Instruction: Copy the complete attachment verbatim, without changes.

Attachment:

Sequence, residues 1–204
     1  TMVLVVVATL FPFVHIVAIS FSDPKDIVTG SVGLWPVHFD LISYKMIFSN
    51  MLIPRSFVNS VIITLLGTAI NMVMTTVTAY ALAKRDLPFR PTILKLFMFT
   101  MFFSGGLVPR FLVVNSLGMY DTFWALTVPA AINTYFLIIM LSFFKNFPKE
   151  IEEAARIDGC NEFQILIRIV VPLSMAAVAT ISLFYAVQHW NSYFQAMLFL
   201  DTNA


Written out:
Sequence, residues 1–204
     1  TMVLVVVATL FPFVHIVAIS FSDPKDIVTG SVGLWPVHFD LISYKMIFSN
    51  MLIPRSFVNS VIITLLGTAI NMVMTTVTAY ALAKRDLPFR PTILKLFMFT
   101  MFFSGGLVPR FLVVNSLGMY DTFWALTVPA AINTYFLIIM LSFFKNFPKE
   151  IEEAARIDGC NEFQILIRIV VPLSMAAVAT ISLFYAVQHW NSYFQAMLFL
   201  DTNA